A colonoscopy is a type of endoscopy that is used to examine the colon and small intestine in order to detect any abnormalities (inflammation, ulcers, polyps, etc.). The procedure can take anywhere from 20 to 60 minutes, depending on what is found during the procedure.
The recommended age to start having colonoscopy procedures to screen for colorectal cancer is 45 to 50 years old. According to the NHS, all patients ages 60 to 74 in the UK who are registered with a GP will also be sent home screening kits to collect stool samples every two years.
Depending on your risks, your doctor will assess and tell you how often you should have a colonoscopy. Common risk factors include, but are not limited to:
previously extracted polyps
prior history or family history of colorectal cancer
Before the test you should follow instructions for cleansing the bowel to make it easier for the doctor to observe it. This will involve drinking only liquids in the 24 hours before the procedure, and taking a solution that will help you empty your bowels.
During the procedure, you will be partially or fully sedated. You will be placed on your side and the doctor will insert the endoscope through the anus to pass through your large intestine.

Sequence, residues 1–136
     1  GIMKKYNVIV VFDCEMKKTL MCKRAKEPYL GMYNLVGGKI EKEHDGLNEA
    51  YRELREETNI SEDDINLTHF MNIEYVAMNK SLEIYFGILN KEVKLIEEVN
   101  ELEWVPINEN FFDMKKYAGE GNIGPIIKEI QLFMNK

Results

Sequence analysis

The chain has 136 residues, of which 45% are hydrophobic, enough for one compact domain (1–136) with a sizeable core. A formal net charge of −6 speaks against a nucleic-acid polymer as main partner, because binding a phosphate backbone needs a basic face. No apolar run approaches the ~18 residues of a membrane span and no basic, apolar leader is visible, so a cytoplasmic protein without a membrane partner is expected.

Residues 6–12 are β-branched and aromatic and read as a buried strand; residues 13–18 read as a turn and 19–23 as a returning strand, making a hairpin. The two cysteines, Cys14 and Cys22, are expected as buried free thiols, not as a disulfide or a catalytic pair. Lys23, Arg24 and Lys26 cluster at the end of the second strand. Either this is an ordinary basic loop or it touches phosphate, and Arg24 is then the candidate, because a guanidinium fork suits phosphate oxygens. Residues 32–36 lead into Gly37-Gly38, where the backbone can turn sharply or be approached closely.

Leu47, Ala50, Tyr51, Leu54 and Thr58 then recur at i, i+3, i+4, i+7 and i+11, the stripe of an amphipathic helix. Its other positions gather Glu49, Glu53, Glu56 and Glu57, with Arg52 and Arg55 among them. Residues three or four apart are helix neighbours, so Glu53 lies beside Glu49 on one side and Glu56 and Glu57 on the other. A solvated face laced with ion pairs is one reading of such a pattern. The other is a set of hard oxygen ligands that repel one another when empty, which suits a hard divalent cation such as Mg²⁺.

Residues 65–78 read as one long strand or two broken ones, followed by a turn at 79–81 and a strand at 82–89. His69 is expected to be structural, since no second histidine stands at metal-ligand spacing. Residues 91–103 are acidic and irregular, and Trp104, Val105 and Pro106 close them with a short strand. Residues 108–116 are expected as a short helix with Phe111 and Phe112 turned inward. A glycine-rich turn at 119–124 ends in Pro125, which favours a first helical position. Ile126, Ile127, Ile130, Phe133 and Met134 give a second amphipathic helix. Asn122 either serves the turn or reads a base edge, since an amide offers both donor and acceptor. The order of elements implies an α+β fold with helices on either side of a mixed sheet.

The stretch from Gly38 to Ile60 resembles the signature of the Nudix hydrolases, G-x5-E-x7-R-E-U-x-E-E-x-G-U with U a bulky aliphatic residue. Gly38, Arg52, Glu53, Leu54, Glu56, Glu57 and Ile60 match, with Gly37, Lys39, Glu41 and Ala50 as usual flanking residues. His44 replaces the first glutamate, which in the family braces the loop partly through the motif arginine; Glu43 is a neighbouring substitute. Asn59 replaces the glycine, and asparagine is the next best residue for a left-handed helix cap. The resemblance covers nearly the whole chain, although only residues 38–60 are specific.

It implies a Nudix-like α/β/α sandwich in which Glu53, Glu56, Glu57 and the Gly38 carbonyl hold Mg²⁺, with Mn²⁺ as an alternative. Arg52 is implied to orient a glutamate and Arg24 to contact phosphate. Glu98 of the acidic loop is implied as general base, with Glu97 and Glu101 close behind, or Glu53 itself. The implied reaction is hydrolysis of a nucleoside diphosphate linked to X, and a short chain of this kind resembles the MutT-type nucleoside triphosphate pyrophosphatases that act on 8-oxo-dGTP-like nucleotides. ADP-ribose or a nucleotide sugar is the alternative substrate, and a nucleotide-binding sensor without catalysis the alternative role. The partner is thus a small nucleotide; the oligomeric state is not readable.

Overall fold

Make sure to let your doctor know if you have any pre-existing conditions and/or regularly taken medication. These may include:
any allergies to medications
any other medications you take that may affect blood clotting
A colonoscopy is usually well tolerated and is rarely painful. At most, you will feel pressure, swelling, or cramping during the procedure. Less than one per cent of patients will experience serious complications.
Patients will remain in a recovery room until discharged, when they will be driven home by a family member or friend. Your doctor will advise when to return normal diet and regular medications. There may be some cramping and the sensation to pass gas, though this should quickly pass.
There is now an alternative to traditional colonoscopy that is much less invasive and does not require sedation. This is called a virtual colonoscopy, which is an examination that uses images of the inside of the bowel and colon obtained by means of computerised tomography (CT or CAT scan) instead of images taken by the colonoscopy camera.
Other alternatives include a rectosigmoidoscopy, however it does not cover as much of the colon as a traditional colonoscopy, and home screening tests for bowel cancer by collecting stool samples.
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